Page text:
Du Bois’s tenure at The Crisis was characterized by an unwavering commitment to intellectual rigor, a willingness to challenge orthodoxies—including his own—and a deep-seated belief in the power of the written word to effect social change. His editorial vision expanded the boundaries of civil rights discourse, interweaving issues of race with questions of class, gender, and global politics.

The legacy of Du Bois’s work at The Crisis extends far beyond the pages of the magazine. His journalistic endeavors laid the groundwork for future generations of African American writers and activists, demonstrating the crucial role of an independent Black press in articulating and advancing the cause of racial justice. Moreover, the issues Du Bois grappled with in these pages, economic inequality, political representation, cultural identity, and the global dimensions of racial oppression, remain strikingly relevant in our contemporary context. His sophisticated analyses and sometimes controversial positions continue to provoke thought and debate, challenging us to reconsider our approaches to persistent social problems.

In revisiting these articles, we gain not only a deeper understanding of a critical period in African American history but also valuable insights into the ongoing struggle for equality and justice. Du Bois’s legacy, as reflected in these pages, continues to inspire and challenge us, urging us to confront the complexities of race and power with the same intellectual rigor and moral conviction that he brought to the pages of The Crisis.


Alexander, Shawn Leigh. 2014. “The Crisis: A Record of the Darker Races: An Introduction.” In Protest and Propaganda: W. E. B. Du Bois, The Crisis, and American History, edited by A. H. Kirschke and P. L. Sinitiere. Columbia: University of Missouri Press.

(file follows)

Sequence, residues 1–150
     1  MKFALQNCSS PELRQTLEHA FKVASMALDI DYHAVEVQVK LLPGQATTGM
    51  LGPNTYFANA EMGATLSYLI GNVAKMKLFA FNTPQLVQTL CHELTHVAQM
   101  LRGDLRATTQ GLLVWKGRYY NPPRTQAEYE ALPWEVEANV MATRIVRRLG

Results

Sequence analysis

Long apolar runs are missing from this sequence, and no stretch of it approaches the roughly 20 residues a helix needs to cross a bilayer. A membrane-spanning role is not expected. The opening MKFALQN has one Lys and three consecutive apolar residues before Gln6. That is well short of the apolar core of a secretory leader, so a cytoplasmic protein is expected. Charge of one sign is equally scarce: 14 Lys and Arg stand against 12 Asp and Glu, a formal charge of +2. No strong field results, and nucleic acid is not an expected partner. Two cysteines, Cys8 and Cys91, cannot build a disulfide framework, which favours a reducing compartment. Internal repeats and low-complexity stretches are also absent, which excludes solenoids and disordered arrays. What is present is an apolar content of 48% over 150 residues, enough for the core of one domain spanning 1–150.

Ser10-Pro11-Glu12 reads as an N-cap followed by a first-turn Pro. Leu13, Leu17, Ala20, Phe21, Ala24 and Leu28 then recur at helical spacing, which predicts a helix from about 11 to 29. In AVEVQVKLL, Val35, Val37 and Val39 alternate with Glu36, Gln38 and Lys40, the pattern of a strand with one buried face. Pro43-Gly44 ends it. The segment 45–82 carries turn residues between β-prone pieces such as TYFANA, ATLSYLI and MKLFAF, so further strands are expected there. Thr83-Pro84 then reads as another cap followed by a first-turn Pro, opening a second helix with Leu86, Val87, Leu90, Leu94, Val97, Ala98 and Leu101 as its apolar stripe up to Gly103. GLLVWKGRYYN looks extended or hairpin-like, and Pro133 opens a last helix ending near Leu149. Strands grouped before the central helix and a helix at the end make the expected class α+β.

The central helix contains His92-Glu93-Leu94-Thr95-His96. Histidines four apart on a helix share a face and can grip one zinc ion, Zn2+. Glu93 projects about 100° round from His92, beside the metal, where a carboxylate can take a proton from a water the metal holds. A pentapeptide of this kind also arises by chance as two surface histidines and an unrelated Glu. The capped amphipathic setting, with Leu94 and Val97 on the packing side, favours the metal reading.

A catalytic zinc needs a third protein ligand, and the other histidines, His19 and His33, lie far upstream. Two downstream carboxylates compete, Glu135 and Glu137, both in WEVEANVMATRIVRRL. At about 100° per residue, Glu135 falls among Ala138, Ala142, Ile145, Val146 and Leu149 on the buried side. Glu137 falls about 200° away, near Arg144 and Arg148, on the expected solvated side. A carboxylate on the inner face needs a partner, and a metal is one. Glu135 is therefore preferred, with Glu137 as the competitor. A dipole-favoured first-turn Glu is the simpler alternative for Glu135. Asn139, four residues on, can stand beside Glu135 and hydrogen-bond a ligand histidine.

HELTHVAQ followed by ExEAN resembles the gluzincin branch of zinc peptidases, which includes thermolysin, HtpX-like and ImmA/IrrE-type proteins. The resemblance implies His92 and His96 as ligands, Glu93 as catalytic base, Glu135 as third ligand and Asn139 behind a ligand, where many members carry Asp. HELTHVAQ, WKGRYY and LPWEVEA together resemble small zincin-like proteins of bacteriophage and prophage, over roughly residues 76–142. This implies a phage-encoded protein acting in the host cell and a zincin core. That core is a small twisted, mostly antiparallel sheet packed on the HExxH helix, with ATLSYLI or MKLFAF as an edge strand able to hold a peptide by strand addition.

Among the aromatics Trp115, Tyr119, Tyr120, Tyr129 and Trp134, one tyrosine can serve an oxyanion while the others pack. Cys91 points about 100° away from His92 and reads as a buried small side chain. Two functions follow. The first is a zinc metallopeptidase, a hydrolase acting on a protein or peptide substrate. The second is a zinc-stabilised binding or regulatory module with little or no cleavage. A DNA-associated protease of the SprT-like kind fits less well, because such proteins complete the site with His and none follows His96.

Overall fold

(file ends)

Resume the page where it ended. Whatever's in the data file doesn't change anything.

Du Bois, W.E.B. 1940. Dusk of Dawn: An Essay Toward an Autobiography of a Race Concept. New York: Harcourt, Brace.

Fultz, Michael. 1995. “‘The Morning Cometh’: African-American Periodicals, Education, and the Black Middle Class, 1900-1930.” The Journal of Negro History 80(3):97-112.

Johnson, Arthur and Ronald M. Johnson. 1977. “Away From Accomodation: Radical Editors and Protest Journalism, 1900-1910.” The Journal of Negro History 62(4):325-338.

Kirschke, Amy Helene and Phillip Luke Sinitiere. 2014. “W. E. B. Du Bois as Print Propagandist.” In Protest and Propaganda: W. E. B. Du Bois, The Crisis, and American History, edited by A. H. Kirschke and P. L. Sinitiere. Columbia: University of Missouri Press.

Lewis, David Levering. 1993. W.E.B. Du Bois: Biography of a Race, 1868-1919. New York: Henry Holt & Co.

—. 2000. W.E.B. Du Bois: The Fight for Equality and the American Century, 1919-1963. New York: Henry Holt & Co.

Partington, Paul G. 1963. “The Moon Illustrated Weekly-The Precursor of The Crisis.” The Journal of Negro History 48(3):206-216.

Rudwick, Elliott M. 1958. “W. E. B. Du Bois in the Role of Crisis Editor.” The Journal of Negro History 43(3):214-240.

—. 1958. “Du Bois’ Last Year as Crisis Editor.” The Journal of Negro Education 27(4):526-533.

—. [1960] 1977. Propagandist of the Negro Protest. 2nd ed. New York: Atheneum.

Williams, Robert W. 2014. “W. E. B. Du Bois and Positive Propaganda: A Philosophical Prelude to His Editorship of The Crisis.” In Protest and Propaganda: W. E. B. Du Bois, The Crisis, and American History, edited by A. H. Kirschke and P. L. Sinitiere. Columbia: University of Missouri Press.

Wolters, Raymond. 2002. Du Bois and His Rivals. Columbia, MO: University of Missouri Press.